Cinevate's Proteus Simplis Solo ($400) comes with an articulating shoulder stock as well as an articulating handgrip. Over-under hand positioning on the grip allows the stock to be pulled firmly into the shoulder for a very stable base. The Proteus Simplis Dual ($575) adds a second grip for good hand separation.
Over-the-shoulder rigs are similar in design but actually rest on the shoulder rather than against it. Often equipped with dual handgrips, these models sometimes come with dual-shoulder mounts for even greater stability. VariZoom's VZ1Shooter ($130) is their most affordable unit for small-to-medium cameras. Made out of aluminum and with loads of adjustment possibilities, it's lightweight, inexpensive and easy to use. The Proteus Simplis DSLR Rig can adapt to a single-shoulder mount design with thick shoulder pad and fillable counter balance. A rail system is included with 11.8-inch (30cm) long, 15mm diameter, carbon rods. If you want to crank it up a few dozen notches, Cinevate's Doc Bundle ($3,355) is a packaged deal, consisting of a single handgrip, single-shoulder mount unit with fillable, adjustable counterweight, Titan Swing-Away Mattebox, Durus Follow Focus and Proteus Quick Release System.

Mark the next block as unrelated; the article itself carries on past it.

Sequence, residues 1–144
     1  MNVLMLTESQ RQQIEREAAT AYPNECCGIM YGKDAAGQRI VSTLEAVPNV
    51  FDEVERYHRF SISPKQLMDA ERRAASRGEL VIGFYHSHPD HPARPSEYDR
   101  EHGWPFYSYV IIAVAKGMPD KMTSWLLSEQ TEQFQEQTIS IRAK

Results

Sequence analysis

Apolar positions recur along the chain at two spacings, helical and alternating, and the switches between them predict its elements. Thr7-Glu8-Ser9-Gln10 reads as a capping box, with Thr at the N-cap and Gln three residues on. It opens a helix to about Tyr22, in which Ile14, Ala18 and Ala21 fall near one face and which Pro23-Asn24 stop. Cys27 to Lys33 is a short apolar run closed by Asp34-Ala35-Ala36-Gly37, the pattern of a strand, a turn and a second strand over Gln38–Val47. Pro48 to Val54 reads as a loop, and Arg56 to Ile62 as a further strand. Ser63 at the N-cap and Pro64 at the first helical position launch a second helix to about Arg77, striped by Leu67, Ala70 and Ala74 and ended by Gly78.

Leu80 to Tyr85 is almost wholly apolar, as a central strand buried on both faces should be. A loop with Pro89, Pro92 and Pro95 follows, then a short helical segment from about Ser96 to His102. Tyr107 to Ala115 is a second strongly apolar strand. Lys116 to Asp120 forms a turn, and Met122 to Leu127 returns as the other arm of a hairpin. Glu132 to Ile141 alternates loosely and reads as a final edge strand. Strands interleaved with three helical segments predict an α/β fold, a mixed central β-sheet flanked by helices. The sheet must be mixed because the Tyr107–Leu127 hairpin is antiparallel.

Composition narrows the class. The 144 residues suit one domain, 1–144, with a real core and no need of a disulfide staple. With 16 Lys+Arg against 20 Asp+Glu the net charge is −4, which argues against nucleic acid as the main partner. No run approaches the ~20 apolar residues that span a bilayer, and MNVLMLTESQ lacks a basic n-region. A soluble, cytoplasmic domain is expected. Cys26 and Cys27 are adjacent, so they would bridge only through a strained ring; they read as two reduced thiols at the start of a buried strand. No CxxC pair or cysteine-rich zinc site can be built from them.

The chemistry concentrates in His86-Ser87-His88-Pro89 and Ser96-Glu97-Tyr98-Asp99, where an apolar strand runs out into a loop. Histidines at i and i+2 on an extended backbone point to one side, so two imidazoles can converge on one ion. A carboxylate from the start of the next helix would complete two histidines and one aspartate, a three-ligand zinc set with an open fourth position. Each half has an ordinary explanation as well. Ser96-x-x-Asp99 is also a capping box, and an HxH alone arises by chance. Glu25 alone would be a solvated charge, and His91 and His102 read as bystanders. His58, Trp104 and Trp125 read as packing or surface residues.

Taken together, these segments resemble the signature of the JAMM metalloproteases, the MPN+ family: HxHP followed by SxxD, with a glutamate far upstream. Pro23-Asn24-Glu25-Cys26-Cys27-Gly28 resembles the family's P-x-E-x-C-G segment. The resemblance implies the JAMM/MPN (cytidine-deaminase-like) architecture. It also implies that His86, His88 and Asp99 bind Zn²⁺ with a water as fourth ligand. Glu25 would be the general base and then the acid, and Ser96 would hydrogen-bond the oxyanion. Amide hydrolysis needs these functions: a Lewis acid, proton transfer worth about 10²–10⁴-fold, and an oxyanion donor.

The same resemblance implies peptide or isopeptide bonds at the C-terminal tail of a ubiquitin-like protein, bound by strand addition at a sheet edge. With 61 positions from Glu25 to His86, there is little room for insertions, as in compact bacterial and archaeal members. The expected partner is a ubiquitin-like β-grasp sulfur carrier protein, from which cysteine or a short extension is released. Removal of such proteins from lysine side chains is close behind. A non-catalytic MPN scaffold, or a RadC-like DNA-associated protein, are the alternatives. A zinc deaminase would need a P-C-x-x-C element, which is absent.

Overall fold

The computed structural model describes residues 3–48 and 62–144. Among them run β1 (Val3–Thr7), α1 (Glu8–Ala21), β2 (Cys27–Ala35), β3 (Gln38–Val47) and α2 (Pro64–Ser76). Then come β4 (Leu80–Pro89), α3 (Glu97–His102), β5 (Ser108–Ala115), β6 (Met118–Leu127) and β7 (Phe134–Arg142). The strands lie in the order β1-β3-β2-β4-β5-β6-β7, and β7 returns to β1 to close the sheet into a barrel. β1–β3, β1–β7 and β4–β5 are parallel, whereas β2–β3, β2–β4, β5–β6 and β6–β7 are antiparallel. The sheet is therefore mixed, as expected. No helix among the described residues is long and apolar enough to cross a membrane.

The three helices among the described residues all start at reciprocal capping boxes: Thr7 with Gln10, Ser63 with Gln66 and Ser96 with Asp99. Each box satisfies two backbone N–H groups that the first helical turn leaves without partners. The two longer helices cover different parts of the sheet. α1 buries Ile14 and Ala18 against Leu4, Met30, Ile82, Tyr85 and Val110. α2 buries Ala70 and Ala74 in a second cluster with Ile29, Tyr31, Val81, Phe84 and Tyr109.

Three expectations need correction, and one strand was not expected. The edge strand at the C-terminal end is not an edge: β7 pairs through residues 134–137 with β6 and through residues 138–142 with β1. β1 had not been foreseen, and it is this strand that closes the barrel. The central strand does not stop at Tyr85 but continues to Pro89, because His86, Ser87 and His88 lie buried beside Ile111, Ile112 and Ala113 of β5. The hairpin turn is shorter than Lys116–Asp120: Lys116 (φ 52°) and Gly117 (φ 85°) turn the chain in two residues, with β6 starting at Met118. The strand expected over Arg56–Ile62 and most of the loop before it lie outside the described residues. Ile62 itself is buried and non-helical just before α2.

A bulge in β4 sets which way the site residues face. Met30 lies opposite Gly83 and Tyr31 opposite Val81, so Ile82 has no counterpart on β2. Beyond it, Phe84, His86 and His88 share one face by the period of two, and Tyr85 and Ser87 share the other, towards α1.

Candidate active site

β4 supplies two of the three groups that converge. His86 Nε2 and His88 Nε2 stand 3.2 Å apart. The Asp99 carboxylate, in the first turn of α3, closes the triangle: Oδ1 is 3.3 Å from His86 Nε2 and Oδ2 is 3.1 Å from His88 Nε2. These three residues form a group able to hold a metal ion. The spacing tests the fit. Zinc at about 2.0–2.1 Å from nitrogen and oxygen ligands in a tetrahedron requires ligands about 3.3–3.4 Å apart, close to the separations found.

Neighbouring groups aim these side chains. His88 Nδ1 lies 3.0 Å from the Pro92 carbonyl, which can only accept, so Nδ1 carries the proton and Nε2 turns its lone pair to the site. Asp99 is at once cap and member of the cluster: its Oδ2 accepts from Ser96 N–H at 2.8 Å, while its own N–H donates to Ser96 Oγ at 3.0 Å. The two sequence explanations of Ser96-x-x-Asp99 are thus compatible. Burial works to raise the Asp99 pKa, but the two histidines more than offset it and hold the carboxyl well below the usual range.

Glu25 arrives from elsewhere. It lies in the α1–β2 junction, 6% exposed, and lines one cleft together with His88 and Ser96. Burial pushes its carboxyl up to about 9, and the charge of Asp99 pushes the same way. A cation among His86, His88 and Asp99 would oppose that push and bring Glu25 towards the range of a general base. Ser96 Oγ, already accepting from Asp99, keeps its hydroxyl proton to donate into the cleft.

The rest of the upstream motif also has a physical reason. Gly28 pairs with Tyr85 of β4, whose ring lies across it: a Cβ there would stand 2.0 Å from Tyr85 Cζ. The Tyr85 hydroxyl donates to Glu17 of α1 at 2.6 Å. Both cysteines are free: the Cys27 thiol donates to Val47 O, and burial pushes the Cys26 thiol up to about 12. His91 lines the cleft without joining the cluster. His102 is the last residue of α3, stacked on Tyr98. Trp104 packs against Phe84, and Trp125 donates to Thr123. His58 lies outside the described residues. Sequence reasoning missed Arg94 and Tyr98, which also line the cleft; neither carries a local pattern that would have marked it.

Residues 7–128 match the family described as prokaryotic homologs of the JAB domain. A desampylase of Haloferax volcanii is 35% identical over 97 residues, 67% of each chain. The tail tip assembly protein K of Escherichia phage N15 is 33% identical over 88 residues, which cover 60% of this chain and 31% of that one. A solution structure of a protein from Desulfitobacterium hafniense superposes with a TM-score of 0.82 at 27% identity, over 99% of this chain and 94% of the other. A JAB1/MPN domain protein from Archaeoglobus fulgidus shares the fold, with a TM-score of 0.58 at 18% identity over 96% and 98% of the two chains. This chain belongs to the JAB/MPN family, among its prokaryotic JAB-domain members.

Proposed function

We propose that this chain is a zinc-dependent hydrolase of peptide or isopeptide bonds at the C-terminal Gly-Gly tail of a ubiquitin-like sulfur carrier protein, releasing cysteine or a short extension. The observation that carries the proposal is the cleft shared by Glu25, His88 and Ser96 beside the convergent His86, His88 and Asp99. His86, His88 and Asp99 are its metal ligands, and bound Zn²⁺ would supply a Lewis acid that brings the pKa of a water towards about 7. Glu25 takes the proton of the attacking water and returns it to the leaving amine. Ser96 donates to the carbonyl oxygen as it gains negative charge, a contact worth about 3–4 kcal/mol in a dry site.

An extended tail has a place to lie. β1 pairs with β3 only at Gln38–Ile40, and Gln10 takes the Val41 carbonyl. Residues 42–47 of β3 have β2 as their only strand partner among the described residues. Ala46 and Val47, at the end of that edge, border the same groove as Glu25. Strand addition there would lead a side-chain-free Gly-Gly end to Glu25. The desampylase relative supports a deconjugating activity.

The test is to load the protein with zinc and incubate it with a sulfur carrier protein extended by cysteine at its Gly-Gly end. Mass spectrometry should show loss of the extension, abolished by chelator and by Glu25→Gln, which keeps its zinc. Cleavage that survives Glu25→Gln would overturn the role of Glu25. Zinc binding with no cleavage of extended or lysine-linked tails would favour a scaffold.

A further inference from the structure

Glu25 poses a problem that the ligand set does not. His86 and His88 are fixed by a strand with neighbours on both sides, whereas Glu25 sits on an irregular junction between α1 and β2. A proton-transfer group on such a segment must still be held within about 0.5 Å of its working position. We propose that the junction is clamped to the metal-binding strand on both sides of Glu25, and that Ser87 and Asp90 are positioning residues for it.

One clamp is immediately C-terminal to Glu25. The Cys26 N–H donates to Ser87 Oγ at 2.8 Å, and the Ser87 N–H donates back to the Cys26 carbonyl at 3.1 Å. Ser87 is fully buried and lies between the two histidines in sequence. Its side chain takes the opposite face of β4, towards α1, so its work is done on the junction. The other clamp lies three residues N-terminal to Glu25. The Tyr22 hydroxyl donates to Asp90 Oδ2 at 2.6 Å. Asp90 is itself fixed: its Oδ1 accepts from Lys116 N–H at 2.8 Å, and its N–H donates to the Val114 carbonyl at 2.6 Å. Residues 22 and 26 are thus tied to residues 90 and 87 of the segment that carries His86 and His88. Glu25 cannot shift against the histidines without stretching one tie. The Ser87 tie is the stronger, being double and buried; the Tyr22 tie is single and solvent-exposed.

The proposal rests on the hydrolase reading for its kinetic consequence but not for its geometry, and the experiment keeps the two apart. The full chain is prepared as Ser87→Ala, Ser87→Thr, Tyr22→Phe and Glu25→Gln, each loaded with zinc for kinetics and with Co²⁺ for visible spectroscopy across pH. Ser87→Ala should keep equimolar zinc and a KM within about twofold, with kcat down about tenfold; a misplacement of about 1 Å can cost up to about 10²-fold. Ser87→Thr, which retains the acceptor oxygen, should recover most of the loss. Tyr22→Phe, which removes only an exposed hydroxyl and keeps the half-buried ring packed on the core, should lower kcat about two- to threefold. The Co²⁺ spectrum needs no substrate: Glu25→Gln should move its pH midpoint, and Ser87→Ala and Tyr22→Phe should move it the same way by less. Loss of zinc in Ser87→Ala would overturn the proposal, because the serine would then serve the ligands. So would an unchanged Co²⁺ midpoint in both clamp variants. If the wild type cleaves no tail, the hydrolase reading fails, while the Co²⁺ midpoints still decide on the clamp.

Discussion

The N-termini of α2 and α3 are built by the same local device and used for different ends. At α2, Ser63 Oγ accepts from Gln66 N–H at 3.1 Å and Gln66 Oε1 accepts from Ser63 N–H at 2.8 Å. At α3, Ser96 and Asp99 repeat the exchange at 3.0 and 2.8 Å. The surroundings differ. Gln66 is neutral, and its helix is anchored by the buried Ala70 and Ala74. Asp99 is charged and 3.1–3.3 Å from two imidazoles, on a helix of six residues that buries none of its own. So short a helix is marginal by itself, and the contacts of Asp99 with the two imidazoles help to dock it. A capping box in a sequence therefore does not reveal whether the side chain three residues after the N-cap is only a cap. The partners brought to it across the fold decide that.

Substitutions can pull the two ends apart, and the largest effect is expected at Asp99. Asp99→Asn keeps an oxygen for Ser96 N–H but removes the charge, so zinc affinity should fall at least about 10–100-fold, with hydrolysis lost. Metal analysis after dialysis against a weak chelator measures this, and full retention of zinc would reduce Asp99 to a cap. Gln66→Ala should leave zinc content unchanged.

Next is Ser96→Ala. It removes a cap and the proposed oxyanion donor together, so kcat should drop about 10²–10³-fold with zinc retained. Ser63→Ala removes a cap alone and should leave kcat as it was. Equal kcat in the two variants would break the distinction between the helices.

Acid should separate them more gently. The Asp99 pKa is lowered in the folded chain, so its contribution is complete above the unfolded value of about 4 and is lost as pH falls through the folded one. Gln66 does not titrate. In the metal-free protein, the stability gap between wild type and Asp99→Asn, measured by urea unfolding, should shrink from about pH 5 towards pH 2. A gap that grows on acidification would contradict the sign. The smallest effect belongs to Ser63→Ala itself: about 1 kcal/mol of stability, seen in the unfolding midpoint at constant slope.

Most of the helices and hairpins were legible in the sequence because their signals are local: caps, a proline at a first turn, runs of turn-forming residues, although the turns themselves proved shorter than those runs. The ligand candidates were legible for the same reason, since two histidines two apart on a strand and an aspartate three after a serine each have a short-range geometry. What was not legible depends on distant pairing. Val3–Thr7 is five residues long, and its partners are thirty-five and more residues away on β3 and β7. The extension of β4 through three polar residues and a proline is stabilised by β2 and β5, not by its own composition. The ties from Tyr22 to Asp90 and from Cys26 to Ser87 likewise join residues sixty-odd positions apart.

Finally, there are the shoulder mount rigs with body support. VariZoom's Zero Gravity Rig ($1,600) combines a dual handgrip, single-shoulder mount design with an abdominal belt and support rod for added stability. The shoulder mount is configurable for either side, high or low angles and up-close or further away mounting positions. An extra long accessory mount is included for adding monitors, lights, microphones and other accessories.
A few hands-free designs are on the market today. Some utilize a padded shoulder mount, bracket, spring steel chest harness, adjustable platforms and straps, to achieve hands-free stability. The chief advantage of this design is reduced fatigue because the weight of the rig is fully supported by the body. juicedLink offers a simplified, yet effective, design that you can build yourself with the help of their Hands-Free Rig.